Routes to court and permission to apply
Sometimes out of court resolution is not possible or appropriate where there are concerns about a child's safety or wellbeing. In the case of the latter, more urgent intervention may be required and taking the initiative to make an application to the Court for contact is likely to be advisable to avoid the matter being taken out of your (and your child's parents) hands by social services.
If a grandparent or other family member is asked to step in to assist by social services as part of a child protection, this may create further issues within the family whilst keeping a child safe.
In these circumstances, it may be appropriate for a grandparent or other family member to be granted a Special Guardianship Order ('SGO'). An SGO will enable you to take on the responsibility of caring for your grandchild until they are 18 years old. For the year ending 31 March 2020, 89% of SGOs were made to relatives or friends. If this order is granted you will have parental responsibility over and above the parents. You can also get financial support to assist with the upbringing of your grandchild.
If you are bringing the application privately (where the LA is not the applicant), as you do not have an automatic right to apply to the Court, you must first seek permission to apply. This may very well be the only option where you cannot reach an agreement, you need an agreement to be placed into a binding order because of repeated breaches, or where you have urgent welfare concerns for your grandchild.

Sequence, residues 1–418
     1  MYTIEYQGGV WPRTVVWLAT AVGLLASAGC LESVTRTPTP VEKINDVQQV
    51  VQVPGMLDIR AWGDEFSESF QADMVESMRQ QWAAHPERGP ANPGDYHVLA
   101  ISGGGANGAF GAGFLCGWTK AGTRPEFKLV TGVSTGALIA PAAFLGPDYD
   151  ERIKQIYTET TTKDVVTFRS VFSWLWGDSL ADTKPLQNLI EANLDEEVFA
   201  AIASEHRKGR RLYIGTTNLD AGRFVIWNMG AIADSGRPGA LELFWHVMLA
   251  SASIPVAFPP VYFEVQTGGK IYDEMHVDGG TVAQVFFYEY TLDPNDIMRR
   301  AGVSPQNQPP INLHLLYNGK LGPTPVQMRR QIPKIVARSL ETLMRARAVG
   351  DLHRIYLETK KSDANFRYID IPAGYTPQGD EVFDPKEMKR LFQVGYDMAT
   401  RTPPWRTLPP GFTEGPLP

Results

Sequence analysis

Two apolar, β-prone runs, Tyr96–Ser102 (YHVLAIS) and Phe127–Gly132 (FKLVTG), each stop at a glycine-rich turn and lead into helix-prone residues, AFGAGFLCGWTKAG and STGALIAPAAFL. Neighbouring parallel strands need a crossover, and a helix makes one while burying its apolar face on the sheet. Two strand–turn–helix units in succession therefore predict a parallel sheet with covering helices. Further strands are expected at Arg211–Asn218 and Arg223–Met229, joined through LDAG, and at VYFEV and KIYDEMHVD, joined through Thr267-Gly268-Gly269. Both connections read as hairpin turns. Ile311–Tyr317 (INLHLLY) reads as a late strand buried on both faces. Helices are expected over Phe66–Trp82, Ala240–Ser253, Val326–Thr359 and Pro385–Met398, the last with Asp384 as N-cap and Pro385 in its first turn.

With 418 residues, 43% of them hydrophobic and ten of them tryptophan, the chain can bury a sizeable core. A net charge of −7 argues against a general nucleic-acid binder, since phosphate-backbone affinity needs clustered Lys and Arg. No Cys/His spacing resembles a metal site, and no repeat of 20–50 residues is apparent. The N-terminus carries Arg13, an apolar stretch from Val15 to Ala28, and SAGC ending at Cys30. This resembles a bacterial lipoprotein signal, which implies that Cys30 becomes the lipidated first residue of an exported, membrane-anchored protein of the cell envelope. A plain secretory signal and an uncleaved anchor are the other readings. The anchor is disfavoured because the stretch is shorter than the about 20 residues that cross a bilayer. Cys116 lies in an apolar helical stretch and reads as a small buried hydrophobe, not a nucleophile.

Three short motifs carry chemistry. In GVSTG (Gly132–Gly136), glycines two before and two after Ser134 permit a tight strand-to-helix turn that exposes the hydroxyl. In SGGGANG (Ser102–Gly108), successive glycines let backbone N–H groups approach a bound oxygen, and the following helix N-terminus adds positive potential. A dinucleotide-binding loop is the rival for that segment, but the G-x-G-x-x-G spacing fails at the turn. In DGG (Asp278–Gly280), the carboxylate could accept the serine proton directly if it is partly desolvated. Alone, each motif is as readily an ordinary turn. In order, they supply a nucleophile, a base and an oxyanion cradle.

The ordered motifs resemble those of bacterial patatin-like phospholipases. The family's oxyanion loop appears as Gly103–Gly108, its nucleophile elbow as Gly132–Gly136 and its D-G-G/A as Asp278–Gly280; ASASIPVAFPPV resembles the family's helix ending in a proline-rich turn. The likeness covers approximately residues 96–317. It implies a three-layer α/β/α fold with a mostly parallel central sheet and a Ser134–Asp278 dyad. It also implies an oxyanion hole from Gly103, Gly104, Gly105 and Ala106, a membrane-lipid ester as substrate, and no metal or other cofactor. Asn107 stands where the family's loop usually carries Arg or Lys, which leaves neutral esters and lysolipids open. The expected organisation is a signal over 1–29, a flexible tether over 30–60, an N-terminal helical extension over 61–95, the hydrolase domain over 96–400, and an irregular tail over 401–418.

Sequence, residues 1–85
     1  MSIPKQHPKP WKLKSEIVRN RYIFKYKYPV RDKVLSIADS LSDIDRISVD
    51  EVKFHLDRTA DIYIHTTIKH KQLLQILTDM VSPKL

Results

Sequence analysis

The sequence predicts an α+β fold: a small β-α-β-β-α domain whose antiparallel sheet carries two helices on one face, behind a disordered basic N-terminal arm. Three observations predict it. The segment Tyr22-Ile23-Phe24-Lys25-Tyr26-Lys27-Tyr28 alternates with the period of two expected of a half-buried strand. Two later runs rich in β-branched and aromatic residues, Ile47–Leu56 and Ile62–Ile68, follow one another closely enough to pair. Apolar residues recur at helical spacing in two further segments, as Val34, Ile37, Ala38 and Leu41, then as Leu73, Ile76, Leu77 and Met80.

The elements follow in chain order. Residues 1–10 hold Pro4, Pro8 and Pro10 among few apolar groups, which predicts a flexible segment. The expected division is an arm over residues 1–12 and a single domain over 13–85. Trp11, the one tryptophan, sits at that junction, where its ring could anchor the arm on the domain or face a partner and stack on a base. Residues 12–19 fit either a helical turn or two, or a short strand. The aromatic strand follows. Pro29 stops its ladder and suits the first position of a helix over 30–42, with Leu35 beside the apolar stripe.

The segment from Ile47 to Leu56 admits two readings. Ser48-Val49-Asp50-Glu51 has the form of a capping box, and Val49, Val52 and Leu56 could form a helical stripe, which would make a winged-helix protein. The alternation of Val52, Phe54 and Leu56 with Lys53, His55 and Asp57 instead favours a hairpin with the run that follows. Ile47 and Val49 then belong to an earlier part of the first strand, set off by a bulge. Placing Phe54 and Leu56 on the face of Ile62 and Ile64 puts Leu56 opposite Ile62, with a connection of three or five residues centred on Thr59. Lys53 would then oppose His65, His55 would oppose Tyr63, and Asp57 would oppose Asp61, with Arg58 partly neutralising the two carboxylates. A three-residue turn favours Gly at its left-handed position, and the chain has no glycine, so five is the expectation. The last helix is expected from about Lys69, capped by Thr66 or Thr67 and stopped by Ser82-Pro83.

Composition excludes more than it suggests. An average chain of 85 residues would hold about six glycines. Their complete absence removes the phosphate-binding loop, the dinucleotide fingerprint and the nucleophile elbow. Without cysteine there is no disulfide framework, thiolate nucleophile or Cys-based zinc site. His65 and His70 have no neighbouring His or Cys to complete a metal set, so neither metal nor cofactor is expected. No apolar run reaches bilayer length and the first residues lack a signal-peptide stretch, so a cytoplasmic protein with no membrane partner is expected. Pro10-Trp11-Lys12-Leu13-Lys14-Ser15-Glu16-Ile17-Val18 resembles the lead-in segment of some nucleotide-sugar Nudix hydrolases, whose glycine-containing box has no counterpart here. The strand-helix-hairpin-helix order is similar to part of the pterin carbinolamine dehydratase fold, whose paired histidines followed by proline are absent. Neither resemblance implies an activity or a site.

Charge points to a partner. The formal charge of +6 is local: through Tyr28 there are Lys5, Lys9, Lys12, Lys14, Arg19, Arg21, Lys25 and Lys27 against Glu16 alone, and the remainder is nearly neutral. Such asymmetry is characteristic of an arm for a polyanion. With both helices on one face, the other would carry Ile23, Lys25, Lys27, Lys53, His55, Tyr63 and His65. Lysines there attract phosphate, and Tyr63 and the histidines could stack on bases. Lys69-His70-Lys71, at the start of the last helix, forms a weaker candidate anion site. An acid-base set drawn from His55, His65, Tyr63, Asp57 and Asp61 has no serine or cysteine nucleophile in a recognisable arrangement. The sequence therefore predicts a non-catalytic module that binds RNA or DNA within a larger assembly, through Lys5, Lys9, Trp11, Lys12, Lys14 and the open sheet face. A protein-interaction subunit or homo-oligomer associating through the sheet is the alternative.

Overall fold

When considering whether to grant permission, the Court will consider the circumstances behind your application including your connection with the child, why the application has been made and whether it is in a child's best interests for an order to be made.
If you are granted permission, the Court will then consider what order is in your grandchild's best interests. Being granted permission is procedural and there is no guarantee that this will then mean that the court makes an order in your favour. The Court will appoint a CAFCASS officer to consider if there are any safeguarding issues and whether they would recommend an order be made to grant you a child arrangements order and/or parental responsibility.
All those with parental responsibility will be parties to the proceedings and will have the opportunity to raise any objections in the court process.
It is increasingly common that, unless there is concerns about abuse or wellbeing, the Court will make orders in a grandparent's favour where it is in a child's best interests to do so, as they recognise that it is important for grandparents to have contact with their grandchildren.
The content of this article is intended to provide a general guide to the subject matter. Specialist advice should be sought about your specific circumstances.